5th December 2023

Car Modders' Hall of Fame: The 1970s

From So-Cal to South London, custom cars were big news in the 1970s as improved tuning techniques and new materials made it easier to turn the humdrum into high art. Many modified cars were created in garages and lock-ups, but there were also a handful of builders and modders leading the way and influencing the wider world, including even car makers.

Roots in US moonshine-running

The custom car scene came about thanks to the hot rods that appeared in the immediate post-war period, which themselves owed their existence to uprated cars from the 1930s in the US used to ship illicit moonshine without being caught by the police.

Through the 1950s and 1960s, the custom car scene grew to be huge in the US and the products of many fertile imaginations could be seen on primetime television with cars such as the Batmobile, the Munster Koach, and the Monkeemobile.

By the 1970s, there was another shift taking place as the original modders grew older and their protegees came to the fore. A prime example of pupil becoming master is Bo Huff, who had worked with Stan Robles and George Barris. Huff set up his own paint shop in Orange County, California but then relocated to Lincoln, Arkansas before settling for good in Sunnyside, Utah.

With his distinctive long beard that made him look like a member of ZZ Top, Huff’s work was a regular fixture of custom car magazines of the time. His eye for detail and perfection made him one of the go-to guys for custom paintwork, and he also set the tone for how owners looked with his workwear denims, boots and penchant for Rockabilly music. This even led to a car show in Canada being called the Huffarama in his honour.

Brit modding goes big

In the UK, a less flamboyant but no less important pioneer of car modding was getting into his stride as the 1970s kicked off. Geoff Jago is better known to many for his affordable kit cars, but he was instrumental in bringing US ideas to the UK as well as coming up with his own. He was among the first to use homegrown V8 engines in British hot rods and he offered production builds, including the Model B Roadster styled along the lines of a Ford Model B hot rod that caught so many people’s imaginations. With glass fibre now established as a simple, cheap material to make car bodies from, Jago made full use of it to offer kits with a simple steel chassis and capable of being powered by anything up to full-on supercharged Chevrolet V8s.

Model B Roadster on race track

Tuners look beyond V8s

It's worth noting the Rover V8 was rapidly becoming the engine of choice for car modders in the UK. It was light, compact, cheap to source, and easy to tune. When it could be stuffed under the bonnet of a Ford Pop to create a fast, low-cost hot rod, what was not to like?

Yet not all engine tuners wanted to go down the V8 route. Harris Performance Engineering started out in the 1930s, but it was when Ron Harris started to build uprated Ford motors in the 1950s that the business took off. Motorsport was the main outlet for these superb engines, but then in the 1970s their name became part of the South London scene that became the Chelsea Cruise. The shrill rasp of a Harris Pinto or Crossflow engine was just as much of a crowd pleaser as a thudding American V8, and the influence of Harris can still be witnessed today as the company continues to develop even more powerful Ford engines.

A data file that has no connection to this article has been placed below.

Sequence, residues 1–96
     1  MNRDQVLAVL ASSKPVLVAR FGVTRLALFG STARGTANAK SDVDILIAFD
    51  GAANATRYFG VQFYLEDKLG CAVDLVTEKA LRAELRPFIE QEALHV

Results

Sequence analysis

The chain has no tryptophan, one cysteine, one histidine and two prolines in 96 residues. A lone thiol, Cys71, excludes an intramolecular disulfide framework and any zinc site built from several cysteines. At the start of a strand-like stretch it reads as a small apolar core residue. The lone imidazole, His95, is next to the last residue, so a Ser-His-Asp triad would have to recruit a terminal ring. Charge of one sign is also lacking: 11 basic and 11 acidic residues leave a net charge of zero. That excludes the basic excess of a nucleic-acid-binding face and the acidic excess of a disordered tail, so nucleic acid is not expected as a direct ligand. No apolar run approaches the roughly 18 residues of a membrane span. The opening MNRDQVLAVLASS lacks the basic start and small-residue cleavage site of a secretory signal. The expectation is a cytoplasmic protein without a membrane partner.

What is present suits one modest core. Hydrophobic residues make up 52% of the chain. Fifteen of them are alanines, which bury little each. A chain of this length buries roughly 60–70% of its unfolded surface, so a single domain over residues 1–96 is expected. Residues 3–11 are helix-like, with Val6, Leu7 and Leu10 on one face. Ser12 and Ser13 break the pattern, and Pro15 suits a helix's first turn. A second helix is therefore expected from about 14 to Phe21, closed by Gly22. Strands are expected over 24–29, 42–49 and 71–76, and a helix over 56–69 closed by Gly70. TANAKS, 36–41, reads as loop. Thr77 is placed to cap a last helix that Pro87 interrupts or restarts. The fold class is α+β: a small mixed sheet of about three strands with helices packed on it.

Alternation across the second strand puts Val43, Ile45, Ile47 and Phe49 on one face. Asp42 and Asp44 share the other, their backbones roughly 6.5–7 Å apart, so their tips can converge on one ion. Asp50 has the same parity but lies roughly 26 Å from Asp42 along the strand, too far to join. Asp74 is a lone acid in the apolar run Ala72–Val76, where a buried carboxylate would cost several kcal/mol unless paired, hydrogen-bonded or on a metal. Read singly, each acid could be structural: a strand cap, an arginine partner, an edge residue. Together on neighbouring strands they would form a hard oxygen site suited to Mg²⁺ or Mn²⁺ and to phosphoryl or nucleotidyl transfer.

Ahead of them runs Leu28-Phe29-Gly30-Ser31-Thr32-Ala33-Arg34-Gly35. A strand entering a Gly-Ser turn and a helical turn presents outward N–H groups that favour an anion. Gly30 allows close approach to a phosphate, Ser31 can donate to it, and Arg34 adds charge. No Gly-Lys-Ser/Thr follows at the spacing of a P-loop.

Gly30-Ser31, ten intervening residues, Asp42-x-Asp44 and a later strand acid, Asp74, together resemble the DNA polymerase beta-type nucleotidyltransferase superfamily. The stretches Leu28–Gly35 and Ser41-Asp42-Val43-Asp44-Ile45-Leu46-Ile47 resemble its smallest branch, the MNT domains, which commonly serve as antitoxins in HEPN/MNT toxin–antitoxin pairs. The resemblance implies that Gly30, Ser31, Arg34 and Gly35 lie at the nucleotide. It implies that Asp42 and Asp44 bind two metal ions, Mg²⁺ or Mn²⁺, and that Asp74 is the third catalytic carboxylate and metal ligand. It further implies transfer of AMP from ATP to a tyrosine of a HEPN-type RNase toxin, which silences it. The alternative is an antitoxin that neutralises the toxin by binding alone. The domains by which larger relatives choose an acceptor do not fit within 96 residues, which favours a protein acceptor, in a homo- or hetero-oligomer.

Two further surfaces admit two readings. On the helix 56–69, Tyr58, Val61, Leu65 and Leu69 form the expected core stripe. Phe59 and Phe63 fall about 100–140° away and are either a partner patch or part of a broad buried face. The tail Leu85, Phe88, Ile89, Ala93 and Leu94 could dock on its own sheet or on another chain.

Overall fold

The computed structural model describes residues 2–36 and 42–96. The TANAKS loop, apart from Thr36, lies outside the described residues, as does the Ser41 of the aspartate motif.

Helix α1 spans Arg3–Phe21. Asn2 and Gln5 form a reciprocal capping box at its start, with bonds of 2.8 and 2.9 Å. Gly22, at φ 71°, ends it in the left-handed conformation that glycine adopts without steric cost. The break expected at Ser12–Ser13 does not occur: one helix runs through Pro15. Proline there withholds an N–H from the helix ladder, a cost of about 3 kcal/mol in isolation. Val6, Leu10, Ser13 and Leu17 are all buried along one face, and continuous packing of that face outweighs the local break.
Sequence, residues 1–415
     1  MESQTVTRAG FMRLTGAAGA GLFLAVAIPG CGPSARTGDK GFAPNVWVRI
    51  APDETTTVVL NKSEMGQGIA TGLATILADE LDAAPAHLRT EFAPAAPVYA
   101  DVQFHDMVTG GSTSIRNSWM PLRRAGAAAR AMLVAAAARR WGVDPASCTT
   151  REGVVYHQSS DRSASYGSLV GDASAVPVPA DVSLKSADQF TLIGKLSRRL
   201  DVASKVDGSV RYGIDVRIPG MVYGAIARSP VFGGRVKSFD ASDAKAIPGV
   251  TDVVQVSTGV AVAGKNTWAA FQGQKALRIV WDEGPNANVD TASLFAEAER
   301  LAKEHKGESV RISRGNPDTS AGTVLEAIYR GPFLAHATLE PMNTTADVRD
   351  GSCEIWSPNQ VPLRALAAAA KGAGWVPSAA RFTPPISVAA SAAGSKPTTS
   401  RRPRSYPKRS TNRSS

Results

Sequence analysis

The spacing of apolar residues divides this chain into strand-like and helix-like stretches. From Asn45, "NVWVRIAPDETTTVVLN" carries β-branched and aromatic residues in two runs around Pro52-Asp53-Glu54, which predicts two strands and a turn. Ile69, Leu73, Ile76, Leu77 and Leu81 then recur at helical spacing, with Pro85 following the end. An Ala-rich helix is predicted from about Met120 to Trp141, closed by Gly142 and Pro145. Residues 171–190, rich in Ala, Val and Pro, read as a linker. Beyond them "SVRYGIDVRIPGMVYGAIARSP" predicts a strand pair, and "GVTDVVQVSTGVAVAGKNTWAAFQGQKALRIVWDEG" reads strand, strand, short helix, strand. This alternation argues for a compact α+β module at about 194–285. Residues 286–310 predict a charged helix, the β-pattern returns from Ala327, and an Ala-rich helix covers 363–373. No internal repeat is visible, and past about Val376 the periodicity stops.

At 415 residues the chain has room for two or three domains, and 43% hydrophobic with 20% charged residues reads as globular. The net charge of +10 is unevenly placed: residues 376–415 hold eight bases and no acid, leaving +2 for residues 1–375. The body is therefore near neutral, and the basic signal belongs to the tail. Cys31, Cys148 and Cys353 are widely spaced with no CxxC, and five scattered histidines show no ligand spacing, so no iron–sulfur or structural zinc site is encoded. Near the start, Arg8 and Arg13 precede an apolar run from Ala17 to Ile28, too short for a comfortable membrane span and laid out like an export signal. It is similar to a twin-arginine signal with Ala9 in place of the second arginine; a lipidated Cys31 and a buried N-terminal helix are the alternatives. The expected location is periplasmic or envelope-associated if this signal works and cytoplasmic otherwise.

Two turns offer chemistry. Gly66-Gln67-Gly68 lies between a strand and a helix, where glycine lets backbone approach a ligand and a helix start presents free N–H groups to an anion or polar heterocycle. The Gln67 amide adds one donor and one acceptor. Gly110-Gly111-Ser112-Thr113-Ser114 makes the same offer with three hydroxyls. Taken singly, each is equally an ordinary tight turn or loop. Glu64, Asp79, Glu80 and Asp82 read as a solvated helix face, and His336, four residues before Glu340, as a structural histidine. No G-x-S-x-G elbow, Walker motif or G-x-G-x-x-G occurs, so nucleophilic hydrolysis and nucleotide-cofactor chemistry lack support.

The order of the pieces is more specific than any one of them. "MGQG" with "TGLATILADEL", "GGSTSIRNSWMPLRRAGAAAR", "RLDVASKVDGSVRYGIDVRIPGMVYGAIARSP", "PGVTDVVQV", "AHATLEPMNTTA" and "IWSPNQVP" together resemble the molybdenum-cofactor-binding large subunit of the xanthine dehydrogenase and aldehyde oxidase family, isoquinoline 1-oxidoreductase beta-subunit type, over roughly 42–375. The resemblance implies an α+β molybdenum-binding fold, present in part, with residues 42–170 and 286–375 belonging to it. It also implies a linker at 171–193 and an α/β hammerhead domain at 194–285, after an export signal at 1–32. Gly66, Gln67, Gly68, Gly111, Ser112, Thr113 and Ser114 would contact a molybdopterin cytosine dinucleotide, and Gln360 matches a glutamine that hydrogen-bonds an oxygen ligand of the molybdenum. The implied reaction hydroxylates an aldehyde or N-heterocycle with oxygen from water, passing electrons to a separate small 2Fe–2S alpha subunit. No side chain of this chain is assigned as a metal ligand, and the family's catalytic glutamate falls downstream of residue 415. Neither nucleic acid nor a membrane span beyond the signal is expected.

Style over substance

Similar in ethos to the Chelsea Cruise but without the focus on fast engines, the Lowrider scene in the US grew out of a movement about how a car looked more than how it went. Getting the car as low to the ground was the aim, which was originally achieved by cutting the car’s springs as much as you dared. However, developments in air suspension technology allowed lowrider builders to drop the car to the ground at the touch of a button, then raise it up to go cruising.

David Jaramillo was central to this off-shoot of the car modder scene in the 1970s and his 1969 Ford LTD was set to be the definitive example of the breed. Sadly, Jaramillo died before completing the car, so friends and family stepped in to finish it and the car, known as David’s Dream, is regularly displayed at car shows and museums as the ultimate lowrider.

1970 Lowrider

Show-ing off

Attending car shows is a big part of the modified car scene wherever you find yourself in the world. Car modders are show-offs by nature as they want their work to be seen and enjoyed. Recognising this, Darryl Starbird started out as a customizer in the 1950s and became a well-known figure for his work. However, he was always frustrated that the wider public didn’t know much about custom cars, so he resolved to sort this by organizing a show packed with custom cars and nothing else. This first event was held in Wichita, Kansas and, to Starbird’s amazement, it was a massive success.

Since that first show, Darryl Starbird has gone on to run more than 400 custom car shows in the US and, perhaps more than anybody, has been responsible for pushing these cars into the public conscience. Now, television schedules are routinely filled with shows about custom cars and their builders, and modified cars have become huge business for auction firms, professional builders, and parts suppliers alongside the classic car world.

There are many more names we could mention who helped shape the world of car modders in the 1970s. Some set the tone with their detailed builds, others with outlandish paint schemes, and yet more with unexpected mechanical packages. What they all have in common is a passion for exploring new ideas and applying them to working cars. Without these trailblazers, the current classic car world would be a very different, and duller, place to drive.

Share with us your favourite modified cars from the 1970s in the comments below.